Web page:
Australian architects win World Architecture Community Award

Jan 21, 2021
  • Article by Tili Bensley-Nettheim

Sydney architecture practice Kaunitz Yeung Architecture has been announced as one of only 15 winning projects at the World Architecture Awards.

Kaunitz Yeung Architecture’s Munipi Arts Centre on Melville Island in the Tiwi Islands, 80km north of Darwin, has been recognised as one of the ‘Realised Award Winning Architecture Projects’ at the 36th World Architecture Awards.

The Munipi Arts Centre on Melville Island was opened on the third anniversary of the island’s rising star, artist Natalia Puantulura. Photo: Brett Boardman.

Completed in 2019, Munipi Arts Centre is a continuation of the firm’s focus on delivering architecture in sincere and reciprocal dialog with culture and environment. Commissioned by Melville Island’s Munupi Arts and Craft, the new art studio at Pirlangimpi is at once a celebration and a commemoration.

The centre was opened on the third anniversary of the death of one of the island’s rising stars, artist Natalie Puantulura. Puantulura’s art is distinguished by Jilamara or body designs that found their way into her paintings through an intricate and delicate geometry. Painted in ochre by hand and through the use of a timber comb or pwoja, it is this Tiwi mark-making that has become the ‘skin’ of Kaunitz Yeung Architecture’s design.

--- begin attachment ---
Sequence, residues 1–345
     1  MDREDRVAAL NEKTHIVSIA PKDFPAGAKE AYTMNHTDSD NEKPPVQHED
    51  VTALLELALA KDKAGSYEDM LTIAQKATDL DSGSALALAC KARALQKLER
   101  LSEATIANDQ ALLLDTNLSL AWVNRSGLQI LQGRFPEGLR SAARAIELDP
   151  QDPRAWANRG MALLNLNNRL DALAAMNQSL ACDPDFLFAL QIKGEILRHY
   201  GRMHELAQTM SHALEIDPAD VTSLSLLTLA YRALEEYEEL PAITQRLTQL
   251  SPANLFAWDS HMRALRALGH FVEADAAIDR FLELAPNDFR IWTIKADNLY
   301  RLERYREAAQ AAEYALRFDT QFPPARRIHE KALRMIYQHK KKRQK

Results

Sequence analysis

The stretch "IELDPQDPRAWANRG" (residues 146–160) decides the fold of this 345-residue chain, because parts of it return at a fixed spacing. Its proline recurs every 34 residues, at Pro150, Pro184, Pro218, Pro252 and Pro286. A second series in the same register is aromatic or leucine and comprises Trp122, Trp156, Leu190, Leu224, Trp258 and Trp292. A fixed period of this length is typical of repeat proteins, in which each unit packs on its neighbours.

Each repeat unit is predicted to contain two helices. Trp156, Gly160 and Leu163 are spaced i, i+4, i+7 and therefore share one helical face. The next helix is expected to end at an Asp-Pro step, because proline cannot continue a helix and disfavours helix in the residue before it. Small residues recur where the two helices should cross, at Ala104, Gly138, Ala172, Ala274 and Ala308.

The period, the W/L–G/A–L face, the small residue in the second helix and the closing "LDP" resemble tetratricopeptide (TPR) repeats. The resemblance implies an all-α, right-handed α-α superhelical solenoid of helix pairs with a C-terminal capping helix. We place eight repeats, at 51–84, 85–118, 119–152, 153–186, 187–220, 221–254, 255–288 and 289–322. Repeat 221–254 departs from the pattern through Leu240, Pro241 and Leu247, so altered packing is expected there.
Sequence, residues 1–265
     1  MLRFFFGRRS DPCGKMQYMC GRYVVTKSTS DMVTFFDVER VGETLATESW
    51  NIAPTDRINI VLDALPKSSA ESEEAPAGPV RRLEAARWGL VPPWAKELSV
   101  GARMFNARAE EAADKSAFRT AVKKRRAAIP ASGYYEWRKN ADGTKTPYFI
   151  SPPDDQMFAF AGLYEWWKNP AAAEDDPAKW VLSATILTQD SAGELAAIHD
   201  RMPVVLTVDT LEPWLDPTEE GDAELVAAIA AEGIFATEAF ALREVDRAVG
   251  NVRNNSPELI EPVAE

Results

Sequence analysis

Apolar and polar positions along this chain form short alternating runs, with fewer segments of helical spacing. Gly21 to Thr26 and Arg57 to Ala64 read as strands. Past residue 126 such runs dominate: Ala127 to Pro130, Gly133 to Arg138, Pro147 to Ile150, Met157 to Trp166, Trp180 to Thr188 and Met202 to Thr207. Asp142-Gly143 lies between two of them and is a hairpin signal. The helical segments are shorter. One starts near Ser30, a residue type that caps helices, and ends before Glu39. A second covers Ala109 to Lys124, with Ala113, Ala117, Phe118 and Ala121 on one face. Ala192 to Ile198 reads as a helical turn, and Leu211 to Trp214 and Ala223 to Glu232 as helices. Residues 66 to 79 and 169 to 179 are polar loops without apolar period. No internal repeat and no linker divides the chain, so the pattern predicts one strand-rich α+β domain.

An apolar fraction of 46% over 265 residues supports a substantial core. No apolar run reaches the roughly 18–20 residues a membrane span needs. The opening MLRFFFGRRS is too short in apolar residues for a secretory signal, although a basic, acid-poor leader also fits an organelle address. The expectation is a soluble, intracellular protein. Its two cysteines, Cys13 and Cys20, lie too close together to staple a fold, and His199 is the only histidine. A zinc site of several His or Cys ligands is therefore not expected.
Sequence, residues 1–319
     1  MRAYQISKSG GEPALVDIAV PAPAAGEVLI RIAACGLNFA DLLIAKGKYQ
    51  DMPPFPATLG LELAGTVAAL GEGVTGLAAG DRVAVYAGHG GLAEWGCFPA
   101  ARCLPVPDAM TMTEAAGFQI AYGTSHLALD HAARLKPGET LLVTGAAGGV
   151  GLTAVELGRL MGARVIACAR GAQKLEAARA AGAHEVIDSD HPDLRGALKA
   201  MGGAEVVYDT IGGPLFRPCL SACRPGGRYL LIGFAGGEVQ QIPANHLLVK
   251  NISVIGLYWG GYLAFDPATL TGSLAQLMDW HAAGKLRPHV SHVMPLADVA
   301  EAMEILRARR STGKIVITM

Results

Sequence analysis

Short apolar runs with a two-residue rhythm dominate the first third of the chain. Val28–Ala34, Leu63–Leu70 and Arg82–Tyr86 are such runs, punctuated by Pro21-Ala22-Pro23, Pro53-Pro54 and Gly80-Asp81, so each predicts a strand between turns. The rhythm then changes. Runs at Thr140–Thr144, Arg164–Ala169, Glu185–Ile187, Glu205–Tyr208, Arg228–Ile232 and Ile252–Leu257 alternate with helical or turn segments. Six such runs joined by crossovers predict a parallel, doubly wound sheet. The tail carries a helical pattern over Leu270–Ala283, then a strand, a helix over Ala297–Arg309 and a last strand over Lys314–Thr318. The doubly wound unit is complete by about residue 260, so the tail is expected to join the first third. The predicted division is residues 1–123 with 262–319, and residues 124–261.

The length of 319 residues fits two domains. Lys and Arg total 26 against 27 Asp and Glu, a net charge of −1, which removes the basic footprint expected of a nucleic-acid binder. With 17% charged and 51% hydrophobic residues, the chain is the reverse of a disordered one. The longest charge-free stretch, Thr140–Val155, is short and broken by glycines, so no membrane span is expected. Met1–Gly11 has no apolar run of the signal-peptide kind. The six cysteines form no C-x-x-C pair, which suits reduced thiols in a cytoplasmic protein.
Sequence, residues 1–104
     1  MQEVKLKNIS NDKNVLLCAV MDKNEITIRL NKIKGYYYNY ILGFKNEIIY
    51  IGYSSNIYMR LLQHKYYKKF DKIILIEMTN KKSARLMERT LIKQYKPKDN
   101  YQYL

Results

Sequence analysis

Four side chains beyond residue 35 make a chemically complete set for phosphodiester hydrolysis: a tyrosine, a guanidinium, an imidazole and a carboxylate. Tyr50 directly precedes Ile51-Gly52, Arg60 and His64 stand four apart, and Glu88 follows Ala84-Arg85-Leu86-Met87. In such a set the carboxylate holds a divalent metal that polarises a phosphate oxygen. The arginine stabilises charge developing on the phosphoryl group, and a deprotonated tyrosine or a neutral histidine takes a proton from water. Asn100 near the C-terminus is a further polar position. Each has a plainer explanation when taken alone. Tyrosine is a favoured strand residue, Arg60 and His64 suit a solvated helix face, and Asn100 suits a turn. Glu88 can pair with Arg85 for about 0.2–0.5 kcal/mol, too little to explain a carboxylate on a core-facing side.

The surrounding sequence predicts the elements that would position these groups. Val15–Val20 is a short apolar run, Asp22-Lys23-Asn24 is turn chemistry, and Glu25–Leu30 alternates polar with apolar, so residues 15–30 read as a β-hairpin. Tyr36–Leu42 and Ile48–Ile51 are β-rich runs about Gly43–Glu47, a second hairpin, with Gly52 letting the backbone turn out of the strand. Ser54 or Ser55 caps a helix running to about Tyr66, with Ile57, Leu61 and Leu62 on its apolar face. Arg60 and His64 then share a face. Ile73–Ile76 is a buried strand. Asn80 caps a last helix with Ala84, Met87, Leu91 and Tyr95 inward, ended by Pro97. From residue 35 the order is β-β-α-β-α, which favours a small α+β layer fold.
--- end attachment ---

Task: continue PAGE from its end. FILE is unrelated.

The centre is emblematic of Kaunitz Yeung Architecture’s focus on delivering high-quality community-focused buildings. Photo: Brett Boardman.

Puantulura’s distinctive Jilamara have been transposed onto a series of hand-drawn, laser-cut metal panels that wrap around the new art centre building. These dynamic perforated panels protect the body of the building just as Jilamara protects the body in Tiwi ceremony.

“We believe best practice architecture should be available to all Australians and we are thrilled these projects have been recognised in such a prestigious, international environment,” said the firm’s director David Kaunitz.

Natalie Puantulura’s Jilamara transposed onto the perforated panels of the Munipi Arts Centre. Photo: Brett Boardman.

“Good buildings are not possible without great clients. This project draws on what we have learnt from working with Indigenous and remote communities for over a decade and demonstrates what is possible from true collaboration with local people.”

The World Architecture Awards highlight projects from regions often overlooked by traditional media that challenge contemporary architectural discourse.

Across the categories of ‘Architecture’, ‘Interior Design’ and ‘Student’ categories, the 36th cycle of the awards celebrated 49 projects from South Korea to Iran, Vietnam to Antarctica.

Wilson Architects’ drew on Indigenous culture and conversations in the firm’s student accommodation at the University of WA.

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